Improving customer service by getting the customer to take responsibility too

How many times have you been on a website when you have seen an annoying pop-up window appear asking you to complete a customer survey?

Or even worse, when you agree to take part and are then confronted with some thirty questions asking you to rate specific qualities on a range of one to ten? I understand that suppliers want to understand as much as possible about what their customers think of them, and then feed the data into their customer data analytics in order to deliver an even better service, sometimes the process can just leave you cold.

However, customers can be fickle and I understand how organizations are under pressure to deliver great customer service in order to safeguard their brand, increase revenues and remain competitive. Hence the need for such online surveys, where results can be fed into customer experience analytics programs in order to understand how companies can serve their customers in the right way. Whether online, via email, text or telephone, data garnered via surveys is still an important source of information. Once analyzed, organizations can take the appropriate action to remedy any issues.

And yet, increasingly, there seems to be a new trend emerging where not only does the customer get to deliver feedback about a supplier. Now, suppliers are rating the customers too and informing them accordingly. Many of us are aware of how a negative score from a customer can help damage a brand, especially when it’s posted and shared on various websites for all to see. After all, it’s all too easy to post comments and too many of the wrong type can lead to a headache for most businesses; despite a sea of five stars, just a handful of negative ratings can put such an immense pressure on a company to defend itself that it can have a detrimental effect on their business. For now, customers have held the trump card, the power to praise a company or complain about a service.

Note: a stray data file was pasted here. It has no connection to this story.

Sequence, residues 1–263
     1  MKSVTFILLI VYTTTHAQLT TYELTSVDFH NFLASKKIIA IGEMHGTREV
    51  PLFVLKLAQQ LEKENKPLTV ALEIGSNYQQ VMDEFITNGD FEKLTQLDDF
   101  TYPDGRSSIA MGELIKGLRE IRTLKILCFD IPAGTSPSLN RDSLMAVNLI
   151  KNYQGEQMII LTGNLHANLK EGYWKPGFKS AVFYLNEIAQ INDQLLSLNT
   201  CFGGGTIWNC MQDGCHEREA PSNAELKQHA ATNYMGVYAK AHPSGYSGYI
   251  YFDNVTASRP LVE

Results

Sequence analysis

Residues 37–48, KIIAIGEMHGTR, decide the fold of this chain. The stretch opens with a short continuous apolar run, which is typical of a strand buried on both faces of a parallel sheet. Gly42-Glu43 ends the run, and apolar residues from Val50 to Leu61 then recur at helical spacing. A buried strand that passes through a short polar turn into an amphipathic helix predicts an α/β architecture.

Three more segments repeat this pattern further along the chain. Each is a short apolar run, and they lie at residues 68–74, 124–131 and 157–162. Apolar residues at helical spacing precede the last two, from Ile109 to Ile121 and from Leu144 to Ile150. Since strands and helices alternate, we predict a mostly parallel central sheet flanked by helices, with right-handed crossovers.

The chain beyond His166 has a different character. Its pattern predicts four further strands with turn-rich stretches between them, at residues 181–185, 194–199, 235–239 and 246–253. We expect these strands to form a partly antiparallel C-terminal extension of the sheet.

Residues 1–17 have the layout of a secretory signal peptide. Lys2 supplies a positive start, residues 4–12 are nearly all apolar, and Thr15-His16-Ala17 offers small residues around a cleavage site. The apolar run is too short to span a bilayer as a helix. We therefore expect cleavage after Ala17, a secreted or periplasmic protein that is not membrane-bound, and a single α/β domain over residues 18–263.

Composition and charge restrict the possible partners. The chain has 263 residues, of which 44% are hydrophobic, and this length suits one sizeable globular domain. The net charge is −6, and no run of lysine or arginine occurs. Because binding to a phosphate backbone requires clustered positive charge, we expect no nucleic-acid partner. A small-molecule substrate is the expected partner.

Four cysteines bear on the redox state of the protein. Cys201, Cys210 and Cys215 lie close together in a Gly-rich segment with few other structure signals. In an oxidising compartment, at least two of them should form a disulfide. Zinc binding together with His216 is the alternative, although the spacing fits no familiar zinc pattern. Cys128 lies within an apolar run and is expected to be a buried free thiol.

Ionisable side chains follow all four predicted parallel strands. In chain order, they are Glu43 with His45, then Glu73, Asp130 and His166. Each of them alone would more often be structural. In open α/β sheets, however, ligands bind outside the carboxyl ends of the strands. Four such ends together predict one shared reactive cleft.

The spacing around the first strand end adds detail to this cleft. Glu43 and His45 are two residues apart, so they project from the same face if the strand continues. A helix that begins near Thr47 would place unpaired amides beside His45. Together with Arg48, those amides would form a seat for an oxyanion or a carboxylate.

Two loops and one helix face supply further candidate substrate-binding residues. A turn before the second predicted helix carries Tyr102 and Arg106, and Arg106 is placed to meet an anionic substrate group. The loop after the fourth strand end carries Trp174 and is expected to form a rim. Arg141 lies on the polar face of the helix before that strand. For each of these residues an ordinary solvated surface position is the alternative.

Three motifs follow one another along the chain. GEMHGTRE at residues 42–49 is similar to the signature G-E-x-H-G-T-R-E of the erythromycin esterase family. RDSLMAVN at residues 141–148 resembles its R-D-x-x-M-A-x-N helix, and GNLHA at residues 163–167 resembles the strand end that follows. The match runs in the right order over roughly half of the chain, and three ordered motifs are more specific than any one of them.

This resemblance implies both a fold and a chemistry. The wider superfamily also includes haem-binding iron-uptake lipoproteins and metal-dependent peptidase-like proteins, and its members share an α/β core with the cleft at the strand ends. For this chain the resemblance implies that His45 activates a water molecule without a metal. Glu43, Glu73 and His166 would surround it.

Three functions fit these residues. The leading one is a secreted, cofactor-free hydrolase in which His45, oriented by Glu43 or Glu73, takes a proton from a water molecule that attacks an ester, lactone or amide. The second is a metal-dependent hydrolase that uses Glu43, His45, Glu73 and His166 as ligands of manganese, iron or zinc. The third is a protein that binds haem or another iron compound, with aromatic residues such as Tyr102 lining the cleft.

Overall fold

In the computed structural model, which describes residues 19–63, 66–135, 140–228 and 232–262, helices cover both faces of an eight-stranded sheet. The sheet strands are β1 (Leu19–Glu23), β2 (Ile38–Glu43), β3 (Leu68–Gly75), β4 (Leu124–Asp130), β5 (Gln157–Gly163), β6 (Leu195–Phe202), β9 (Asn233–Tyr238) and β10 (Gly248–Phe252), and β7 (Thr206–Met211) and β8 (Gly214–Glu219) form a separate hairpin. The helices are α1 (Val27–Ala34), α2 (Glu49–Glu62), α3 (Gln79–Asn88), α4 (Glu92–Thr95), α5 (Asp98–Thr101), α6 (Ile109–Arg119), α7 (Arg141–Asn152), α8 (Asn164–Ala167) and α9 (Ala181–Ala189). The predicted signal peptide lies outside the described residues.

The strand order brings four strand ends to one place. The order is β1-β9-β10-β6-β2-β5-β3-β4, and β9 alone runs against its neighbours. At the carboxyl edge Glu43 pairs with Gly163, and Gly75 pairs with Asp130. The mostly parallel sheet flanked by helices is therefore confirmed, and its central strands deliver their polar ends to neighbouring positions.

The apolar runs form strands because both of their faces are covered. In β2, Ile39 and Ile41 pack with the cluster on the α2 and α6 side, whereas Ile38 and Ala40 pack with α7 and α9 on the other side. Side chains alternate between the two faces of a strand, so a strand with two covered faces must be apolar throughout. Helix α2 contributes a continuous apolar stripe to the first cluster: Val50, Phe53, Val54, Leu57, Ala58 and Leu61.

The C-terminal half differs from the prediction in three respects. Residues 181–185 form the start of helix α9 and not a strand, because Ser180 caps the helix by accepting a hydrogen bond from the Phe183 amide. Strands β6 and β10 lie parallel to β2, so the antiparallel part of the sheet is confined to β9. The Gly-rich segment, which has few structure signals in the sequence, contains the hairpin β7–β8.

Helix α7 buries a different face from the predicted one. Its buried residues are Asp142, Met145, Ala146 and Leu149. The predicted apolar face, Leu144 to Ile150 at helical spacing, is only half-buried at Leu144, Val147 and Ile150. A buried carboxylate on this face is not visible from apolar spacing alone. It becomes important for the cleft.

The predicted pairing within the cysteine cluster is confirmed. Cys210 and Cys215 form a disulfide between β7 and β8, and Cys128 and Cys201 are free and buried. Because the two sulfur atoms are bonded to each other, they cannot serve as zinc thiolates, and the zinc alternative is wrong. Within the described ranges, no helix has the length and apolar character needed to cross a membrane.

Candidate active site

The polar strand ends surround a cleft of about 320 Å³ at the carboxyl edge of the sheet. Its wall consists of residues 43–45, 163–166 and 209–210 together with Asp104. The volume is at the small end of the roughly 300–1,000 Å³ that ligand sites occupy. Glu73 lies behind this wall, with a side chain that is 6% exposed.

Not anymore. Nowadays, suppliers are starting to rate their customers too, and they are telling them about it. The point here is that if a customer behaves badly or is truly in the wrong, this information is then shared throughout the business and even with other affiliated organizations, and it should help to make customers behave more responsibly. Get in a cab and cause a fuss or behave discourteously to the driver for no apparent reason and you’ll be scored badly. And the next time you fire up your smartphone app to order a car, it may just decide to refuse your request. Likewise, stay in a hotel and leave your room in a complete mess, be rude to the waiting staff or refuse to be quiet in your room after midnight, and you may just get such a negative score that you’ll be needing to find a different hotel next time you come to town. Conversely, if you’re always kind and polite, ever ready with a compliment for a member of staff, or if you tip well at your local restaurant of coffee house, you may just find that next time you visit, the food and drink are on them.

Using data and analytics to improve customer satisfaction and customer service levels continues to be an important strategy for businesses today. But now with vendors and suppliers scoring customers and telling them that they are being rated, the customer now shoulders as much responsibility as the supplier for an all-round great experience. This kind of bi-directional scoring can only be a good thing; now, the onus is not all on the supplier to deliver fantastic service, it is also shared by the consumer.

And of course, the more data that is collected, whether created by the customer or the supplier, the more it can be analyzed, the more insight that can be gained and the more an organization can improve its service levels. The hope is that it all leads to friendlier customers, a more customer-centric organization and smiles all round.

So, next time you are asked to complete a survey on a business about its product or service, just remember that the company you are rating may just be completing a survey itself about you, too.

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